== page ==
Still Waiting for a Congressional/Party Strategy
As a devoted reader of Billmon on Twitter and Matthew Yglesias of Vox last week I was reminded again of an interesting political fact: the vaunted, venerable United States, with it’s split legislative function via the Presidency and Congress, is not the model Democracy for the world, our Democratic partners and allies don’t copy it. Why is that?
Apart from the obvious problem that the President and Congress can represent different political parties and quickly stall it all, there is the inherent problem of singular humanity in the Presidency, even in an alleged advanced democracy like the United States an extremely dangerous proto-fascist like Trump can emerge. These are not elements for long-term success, no.
Be that as it may we are stuck with our clunky, obstructive model, and it’s even worse upon closer inspection, for the legislative function aside from the Presidency is split again, we have that odious, heinous, reeking appendage of privilege to deal with, the Senate. Secretary Clinton and Senator Sanders, you purport leadership capability over this ridiculous engine of Democracy, how are you going to handle it?
Ah, the sounds of silence. It is unfair, true, to expect a candidate to market incapability, saying bluntly very little will be accomplished in 2017 because of obdurate, immature, stupid Republican Congress is not the way to inspire voters.
Still, to leave the issue there untouched is in fact a form of dishonesty, a bad sell of who we really are and what truly can be done without a Democratic House and Senate. The obvious solution is of course to bluntly use Congress as a campaign issue, vote for me because I’ve got a real plan to turn Congress Democratic Party blue, but that never happens. Why is that?
Again, the issue primarily is born from the clunky American model, it’s a little much to ask a singular human to simultaneously campaign for the Presidency and multiple congressional districts.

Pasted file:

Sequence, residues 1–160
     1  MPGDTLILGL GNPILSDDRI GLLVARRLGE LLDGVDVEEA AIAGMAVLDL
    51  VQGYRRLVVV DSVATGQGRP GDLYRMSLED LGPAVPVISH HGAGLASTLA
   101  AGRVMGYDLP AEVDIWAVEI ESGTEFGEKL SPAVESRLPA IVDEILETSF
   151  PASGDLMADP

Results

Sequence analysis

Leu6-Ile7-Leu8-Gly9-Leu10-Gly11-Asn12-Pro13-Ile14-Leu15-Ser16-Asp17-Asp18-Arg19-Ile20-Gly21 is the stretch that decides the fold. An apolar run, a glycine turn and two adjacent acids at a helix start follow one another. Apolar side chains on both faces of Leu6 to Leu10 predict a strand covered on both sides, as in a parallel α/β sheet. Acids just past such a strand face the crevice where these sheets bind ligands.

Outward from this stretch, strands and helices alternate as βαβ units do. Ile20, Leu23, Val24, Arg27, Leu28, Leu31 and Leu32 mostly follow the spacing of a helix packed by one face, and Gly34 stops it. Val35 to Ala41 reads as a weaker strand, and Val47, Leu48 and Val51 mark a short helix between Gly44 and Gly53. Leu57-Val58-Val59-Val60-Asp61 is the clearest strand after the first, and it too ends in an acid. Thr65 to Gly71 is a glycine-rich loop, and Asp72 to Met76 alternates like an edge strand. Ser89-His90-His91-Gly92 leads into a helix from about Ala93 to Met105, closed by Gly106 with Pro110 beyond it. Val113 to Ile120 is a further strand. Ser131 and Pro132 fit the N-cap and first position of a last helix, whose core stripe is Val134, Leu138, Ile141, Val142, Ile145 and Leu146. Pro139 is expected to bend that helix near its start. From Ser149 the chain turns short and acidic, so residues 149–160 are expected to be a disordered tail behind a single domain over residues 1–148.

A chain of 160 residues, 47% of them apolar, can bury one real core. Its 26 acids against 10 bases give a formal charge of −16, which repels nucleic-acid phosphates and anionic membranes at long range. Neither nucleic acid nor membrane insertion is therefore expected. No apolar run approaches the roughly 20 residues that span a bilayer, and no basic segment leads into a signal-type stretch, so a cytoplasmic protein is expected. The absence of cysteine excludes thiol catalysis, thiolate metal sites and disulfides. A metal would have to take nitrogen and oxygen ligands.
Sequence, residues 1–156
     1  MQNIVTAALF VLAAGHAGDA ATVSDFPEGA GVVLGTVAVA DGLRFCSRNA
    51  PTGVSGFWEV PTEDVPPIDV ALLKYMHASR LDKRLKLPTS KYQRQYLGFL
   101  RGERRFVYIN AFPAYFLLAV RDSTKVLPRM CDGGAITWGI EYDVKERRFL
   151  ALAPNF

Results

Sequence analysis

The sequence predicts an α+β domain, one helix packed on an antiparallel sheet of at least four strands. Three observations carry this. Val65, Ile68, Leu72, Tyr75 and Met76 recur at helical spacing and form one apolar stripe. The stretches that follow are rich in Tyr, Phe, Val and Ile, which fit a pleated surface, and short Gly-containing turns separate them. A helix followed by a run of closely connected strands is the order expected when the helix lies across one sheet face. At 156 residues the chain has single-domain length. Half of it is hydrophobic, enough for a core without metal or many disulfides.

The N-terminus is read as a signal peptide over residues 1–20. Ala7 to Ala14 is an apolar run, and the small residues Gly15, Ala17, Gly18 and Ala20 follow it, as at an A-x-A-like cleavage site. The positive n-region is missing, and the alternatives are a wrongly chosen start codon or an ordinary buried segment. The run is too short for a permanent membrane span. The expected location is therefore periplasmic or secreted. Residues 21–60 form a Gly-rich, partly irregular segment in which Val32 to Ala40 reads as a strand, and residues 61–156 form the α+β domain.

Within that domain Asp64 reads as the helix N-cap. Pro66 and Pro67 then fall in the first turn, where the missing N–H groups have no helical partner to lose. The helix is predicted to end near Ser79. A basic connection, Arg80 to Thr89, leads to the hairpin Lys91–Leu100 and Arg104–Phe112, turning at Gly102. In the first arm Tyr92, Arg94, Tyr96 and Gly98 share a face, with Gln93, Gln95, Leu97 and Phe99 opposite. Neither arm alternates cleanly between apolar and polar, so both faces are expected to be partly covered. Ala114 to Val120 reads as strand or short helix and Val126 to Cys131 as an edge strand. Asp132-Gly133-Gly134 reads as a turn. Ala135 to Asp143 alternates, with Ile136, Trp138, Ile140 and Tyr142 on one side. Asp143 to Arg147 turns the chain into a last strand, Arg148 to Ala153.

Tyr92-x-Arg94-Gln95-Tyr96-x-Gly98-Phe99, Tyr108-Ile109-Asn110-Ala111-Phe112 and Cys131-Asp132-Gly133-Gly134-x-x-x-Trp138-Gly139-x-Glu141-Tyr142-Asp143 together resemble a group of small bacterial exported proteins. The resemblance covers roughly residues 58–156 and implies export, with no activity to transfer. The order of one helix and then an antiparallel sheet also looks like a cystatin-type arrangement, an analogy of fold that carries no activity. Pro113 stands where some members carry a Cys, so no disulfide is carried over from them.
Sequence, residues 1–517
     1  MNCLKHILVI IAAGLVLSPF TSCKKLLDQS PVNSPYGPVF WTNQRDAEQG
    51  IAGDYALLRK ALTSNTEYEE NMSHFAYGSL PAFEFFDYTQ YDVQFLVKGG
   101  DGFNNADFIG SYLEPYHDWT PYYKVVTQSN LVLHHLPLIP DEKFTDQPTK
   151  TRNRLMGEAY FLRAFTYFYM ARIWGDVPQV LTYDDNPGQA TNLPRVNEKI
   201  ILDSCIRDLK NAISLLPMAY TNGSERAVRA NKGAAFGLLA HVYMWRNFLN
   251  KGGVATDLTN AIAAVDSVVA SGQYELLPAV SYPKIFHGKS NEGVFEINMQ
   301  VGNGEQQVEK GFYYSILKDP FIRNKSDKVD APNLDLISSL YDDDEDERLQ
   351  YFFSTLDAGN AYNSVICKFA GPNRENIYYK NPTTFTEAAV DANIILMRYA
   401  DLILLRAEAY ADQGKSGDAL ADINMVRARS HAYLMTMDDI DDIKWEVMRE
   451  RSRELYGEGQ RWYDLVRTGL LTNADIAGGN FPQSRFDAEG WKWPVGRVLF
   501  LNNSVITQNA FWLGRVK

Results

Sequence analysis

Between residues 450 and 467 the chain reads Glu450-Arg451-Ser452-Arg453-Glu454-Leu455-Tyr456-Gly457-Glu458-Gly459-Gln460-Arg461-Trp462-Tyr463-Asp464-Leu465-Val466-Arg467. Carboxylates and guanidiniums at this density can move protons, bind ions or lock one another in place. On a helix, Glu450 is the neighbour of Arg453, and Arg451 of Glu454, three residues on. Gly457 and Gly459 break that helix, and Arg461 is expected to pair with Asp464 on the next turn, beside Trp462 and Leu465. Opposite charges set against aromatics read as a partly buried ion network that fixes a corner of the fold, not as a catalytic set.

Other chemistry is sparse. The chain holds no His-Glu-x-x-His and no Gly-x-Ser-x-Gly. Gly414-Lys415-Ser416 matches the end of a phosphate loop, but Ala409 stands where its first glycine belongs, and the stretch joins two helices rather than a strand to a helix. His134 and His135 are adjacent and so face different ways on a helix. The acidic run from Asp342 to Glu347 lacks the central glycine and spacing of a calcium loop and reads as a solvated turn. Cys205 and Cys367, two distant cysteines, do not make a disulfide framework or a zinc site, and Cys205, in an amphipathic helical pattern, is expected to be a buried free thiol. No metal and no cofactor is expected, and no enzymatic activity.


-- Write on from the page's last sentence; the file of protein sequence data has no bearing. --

As a passionate liberal political observer of 45 years it’s my opinion that blessedly the conservative surge of Ronald Reagan is finally ending in American politics, but that surge, coupled with a ridiculously dysfunctional media (Fox News, talk radio) cowed and muted the Democratic Party, we are not nearly as proudly assertive as we should be.
Example—the absolute Congressional debacle of President Obama’s first term, as Allison Hantschel1 reminded us we had solid Democratic majorities in the House and Senate yet allowed the stimulus to be viciously hen-pecked away in the Senate, and incredibly just sat there like total political idiots and did not pass another stimulus the second year.
That, coupled with a tragically naïve view of President Obama that he could rise above it all and deal with the Republicans in good faith, lead the smashing defeat of the 2010 midterms. Oh my good people we were in the American Holy Land of a Democratic President and Congress and we blew it.
That’s a Party unsure and tentative in its way, and it’s quite a lot to ask candidates Clinton and Sanders to correctly articulate it, let alone actually formulate a Congressional political strategy that works on top of everything else, but again it’s what we’re stuck with and as a faithful American liberal Democrat I and my people deserve an answer.
Where is the list of top 50 House districts we can win, and the top 10 for the Senate? If you can drop $5 to this candidate, or 10 of them or all of them. If you live in one of those districts or States please by all that’s holy help us organize for that candidate, register voters, anything to pitch in helps.
I’m still waiting for that, Secretary Clinton and Senator Sanders, and I don’t care how clunky the model is or how unfair it can be, it’s your plain duty to come up with those lists and a political strategy of working principles that delivers Congress along with the Presidency. We can do it if we try, I’m quite sure of that.
If not we will get what we have now, a useless disaster of a Congress that everyone loathes and barely keeps the country running. If we can’t begin to change this in 2016 one can campaign for a 2018 Congressional victory and subsequent legislation passed, our people can easily see the issue and be patient.
Patient with trying, not patient with just sitting there mutely and dealing with the issue when it’s too late after the election. We’ve been through 8 years of that, it doesn’t work.
 The three writers noted here are just part of a list of what I consider absolutely essential political reading, one cannot be a political geek in this country and not listen to them. Billmon is on Twitter, Matthew Yglesias at Vox, and Allison Hantschel at her blog First Draft.